At higher levels of the system among politicians, lobbyists and professional manipulators in the media the incentives are reversed, because they benefit from more division, harder boundaries, and a greater fear of difference. But if you ‘take the lid off the pressure cooker and turn down the flame,’ so to speak, then community-level and other civil society processes have more chance of building bridges over time, without having to force people to jettison all their different identities or beliefs.
Groups like the Skills Network in south London and the Belfast Friendship Club show what can be done when these conditions are present. Members of the Network include both ‘leavers’ and ‘remainers’ on the question of Brexit, middle and working class women, immigrants and those who have lived in the area for generations, but they all agree to work through their differences in a spirit of solidarity. As they put it, “Standing shoulder to shoulder with people across our differences and creating new understandings and visions together is where the real transformative potential lies.” The key is to encourage people to work together on common projects in places where both success and failure are shared, since it is difficult to sustain deep enmities if you depend on each other for success in addressing issues that concern you.
Second, we need to invest in public spaces of all kinds in which people can meet each other and ‘not draw the knife,’ as civil society scholar John Keane once put it in defining the essence of this idea. Difference and diversity are not the enemies of civil society, they are strengths. What’s problematic is the absence of mechanisms to sort through these differences and reach some common ground.
Traditionally, civil society theorists have seen polarization as something that can be managed through an active and democratic public sphere which enables such common ground to be debated, argued over and negotiated, made up of real and virtual spaces at many different levels – town halls, community radio, grassroots newspapers, reading and adult education groups, trade union branches, and all manner of websites, clubs and societies. But when the structures of communication are themselves privatized and fractured this is obviously more difficult.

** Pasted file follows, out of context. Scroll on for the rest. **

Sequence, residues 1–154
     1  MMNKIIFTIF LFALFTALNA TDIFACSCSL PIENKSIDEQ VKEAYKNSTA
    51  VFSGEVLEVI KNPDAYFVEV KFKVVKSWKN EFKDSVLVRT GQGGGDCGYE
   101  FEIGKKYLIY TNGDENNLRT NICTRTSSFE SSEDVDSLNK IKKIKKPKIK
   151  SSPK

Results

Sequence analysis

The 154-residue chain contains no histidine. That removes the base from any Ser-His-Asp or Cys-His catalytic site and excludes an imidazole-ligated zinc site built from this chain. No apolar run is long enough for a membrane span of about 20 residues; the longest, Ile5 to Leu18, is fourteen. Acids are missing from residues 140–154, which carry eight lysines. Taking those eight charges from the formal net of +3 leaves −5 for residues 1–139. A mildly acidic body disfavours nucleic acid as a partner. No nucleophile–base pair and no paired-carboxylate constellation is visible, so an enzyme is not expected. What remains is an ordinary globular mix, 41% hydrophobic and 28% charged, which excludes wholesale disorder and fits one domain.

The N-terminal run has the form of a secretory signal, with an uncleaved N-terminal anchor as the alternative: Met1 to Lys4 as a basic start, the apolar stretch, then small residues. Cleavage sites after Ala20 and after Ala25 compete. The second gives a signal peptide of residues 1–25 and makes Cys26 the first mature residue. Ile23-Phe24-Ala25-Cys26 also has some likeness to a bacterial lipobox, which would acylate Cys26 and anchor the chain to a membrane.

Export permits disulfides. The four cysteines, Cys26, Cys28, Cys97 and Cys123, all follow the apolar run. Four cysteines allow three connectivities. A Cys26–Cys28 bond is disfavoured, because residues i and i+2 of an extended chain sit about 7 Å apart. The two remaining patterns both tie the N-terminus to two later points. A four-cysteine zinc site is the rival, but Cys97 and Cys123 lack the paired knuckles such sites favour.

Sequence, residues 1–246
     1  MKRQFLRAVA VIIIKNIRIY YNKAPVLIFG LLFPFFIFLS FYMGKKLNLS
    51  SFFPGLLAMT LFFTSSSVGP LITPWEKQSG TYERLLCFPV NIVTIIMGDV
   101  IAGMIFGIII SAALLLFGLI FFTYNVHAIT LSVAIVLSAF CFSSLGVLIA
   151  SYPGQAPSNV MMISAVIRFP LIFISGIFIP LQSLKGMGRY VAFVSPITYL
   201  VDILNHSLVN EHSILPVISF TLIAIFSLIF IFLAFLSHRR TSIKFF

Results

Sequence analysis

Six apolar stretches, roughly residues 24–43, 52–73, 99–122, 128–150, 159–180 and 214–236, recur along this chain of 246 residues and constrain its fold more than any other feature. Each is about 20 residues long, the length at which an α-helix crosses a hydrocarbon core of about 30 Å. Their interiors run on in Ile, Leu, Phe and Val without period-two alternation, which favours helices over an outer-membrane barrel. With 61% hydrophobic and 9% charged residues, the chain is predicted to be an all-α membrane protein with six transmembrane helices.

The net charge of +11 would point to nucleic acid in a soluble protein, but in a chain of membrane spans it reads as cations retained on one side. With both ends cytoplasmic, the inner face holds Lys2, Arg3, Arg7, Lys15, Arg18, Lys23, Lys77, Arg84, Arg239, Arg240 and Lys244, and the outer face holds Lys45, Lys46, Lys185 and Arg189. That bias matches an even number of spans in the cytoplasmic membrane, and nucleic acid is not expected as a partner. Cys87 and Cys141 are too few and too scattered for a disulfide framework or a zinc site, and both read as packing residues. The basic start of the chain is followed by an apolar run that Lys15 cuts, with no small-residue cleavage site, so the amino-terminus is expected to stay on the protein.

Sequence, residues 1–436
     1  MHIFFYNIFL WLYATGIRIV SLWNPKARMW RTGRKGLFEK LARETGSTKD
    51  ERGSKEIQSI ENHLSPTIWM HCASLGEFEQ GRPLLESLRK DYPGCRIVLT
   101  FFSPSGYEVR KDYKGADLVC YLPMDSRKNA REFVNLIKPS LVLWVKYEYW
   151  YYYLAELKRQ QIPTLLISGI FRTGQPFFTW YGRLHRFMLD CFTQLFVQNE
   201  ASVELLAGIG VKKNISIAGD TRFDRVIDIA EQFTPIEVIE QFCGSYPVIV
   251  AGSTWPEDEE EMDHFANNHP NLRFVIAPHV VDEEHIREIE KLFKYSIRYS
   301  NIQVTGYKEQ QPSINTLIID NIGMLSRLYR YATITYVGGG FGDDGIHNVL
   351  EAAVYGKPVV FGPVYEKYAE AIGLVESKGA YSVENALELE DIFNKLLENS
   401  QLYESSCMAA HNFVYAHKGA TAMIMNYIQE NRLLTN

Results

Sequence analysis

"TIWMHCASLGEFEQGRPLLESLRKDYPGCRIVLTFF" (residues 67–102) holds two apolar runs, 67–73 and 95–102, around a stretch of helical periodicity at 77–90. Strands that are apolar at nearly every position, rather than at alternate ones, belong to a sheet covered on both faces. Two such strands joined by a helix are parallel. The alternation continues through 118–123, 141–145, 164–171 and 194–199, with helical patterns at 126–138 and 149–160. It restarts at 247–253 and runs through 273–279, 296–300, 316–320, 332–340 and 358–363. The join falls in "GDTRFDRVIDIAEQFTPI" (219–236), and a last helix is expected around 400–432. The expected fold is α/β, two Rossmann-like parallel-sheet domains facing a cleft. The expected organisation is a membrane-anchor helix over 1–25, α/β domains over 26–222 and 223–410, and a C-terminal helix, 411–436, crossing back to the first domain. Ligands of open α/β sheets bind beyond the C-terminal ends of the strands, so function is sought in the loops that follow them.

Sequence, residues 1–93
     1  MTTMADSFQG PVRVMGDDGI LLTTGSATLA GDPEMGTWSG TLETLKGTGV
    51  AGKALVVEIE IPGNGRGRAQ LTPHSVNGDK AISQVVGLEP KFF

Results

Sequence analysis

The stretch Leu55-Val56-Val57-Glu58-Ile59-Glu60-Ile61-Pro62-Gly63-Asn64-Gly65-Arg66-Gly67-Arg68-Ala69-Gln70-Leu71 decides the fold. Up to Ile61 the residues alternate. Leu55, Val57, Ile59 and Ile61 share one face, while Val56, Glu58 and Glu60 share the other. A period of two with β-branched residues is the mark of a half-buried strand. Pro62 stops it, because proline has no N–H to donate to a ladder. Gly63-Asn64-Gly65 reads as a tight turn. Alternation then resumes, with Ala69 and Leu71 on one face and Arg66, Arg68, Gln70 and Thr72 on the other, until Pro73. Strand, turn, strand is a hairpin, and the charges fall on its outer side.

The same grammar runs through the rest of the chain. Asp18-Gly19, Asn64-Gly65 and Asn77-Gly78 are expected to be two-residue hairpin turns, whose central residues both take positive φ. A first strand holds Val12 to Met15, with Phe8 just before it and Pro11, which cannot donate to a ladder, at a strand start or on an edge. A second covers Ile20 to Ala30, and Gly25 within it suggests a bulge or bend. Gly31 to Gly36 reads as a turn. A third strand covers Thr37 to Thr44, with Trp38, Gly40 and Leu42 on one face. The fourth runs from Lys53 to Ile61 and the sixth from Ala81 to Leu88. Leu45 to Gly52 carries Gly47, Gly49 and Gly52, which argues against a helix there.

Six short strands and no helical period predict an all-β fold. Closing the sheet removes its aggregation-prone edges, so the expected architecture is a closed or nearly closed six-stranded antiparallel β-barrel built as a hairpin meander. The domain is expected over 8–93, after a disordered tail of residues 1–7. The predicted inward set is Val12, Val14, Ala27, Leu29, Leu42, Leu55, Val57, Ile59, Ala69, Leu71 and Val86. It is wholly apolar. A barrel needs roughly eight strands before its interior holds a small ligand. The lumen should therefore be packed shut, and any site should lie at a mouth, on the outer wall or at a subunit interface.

One of the most alarming features of politics and organizing today is the extent to which these public spheres have ceased to operate, or perhaps even to exist, as people of different views imprison themselves in mutually-exclusive social media bubbles and sources of information – or ‘fake news’ depending on your point of view. Independent and citizen-controlled media are growing, but they are out-competed by much larger and wealthier commercial platforms such as Facebook which have contributed to the problem.
There must be places that are not dedicated to making money or accumulating power if civic values and relationships are to take root and flourish - places where we can meet each-other for conversation and shape a collective course of action in line with our own democratically-derived priorities. That possibility, at root, is what is threatened by current trends.
Ultimately however, there is no recourse to theory or to history if the problems of civil society are to be fixed – that’s our job as citizens. To do so, we have to be willing to leave the comfort zones of left and right that occupy so much of our attention (at least temporarily), and re-democratize a civic life that has been taken over by experts and intermediaries. We have to see others in our communities as co-creators of something larger, even when we disagree with the details of their beliefs. And we have to develop the sticking power to stay in relationships when they get messy. As journalist Margaret Renki put it in the New York Times, it’s like being “at the most uncomfortable family reunion ever, and you can never leave.”
So if you work or volunteer or serve on the board of a community organization or a charity, an independent media group or a library, a university or a think tank, a local council or a church or a mosque, it’s worth asking what you are doing to foster civil society in this deeper sense - not just using it as a vehicle to build your own brand or advocate for your particular message or constituency - and adjust your plans accordingly.
Anything that brings people closer together rather than forcing them apart will help. Anything that generates honest conversation instead of fake news and propaganda can move us forward. Anything that enriches the quality of life rather than diminishing it deserves our attention. These are all ways to build a civil society that’s worthy of the name. The rest is up to us.
Michael Edwards is a writer and activist based in upstate New York, and the editor of Transformation. His website is www.futurepositive.org and his twitter account is @edwarmi.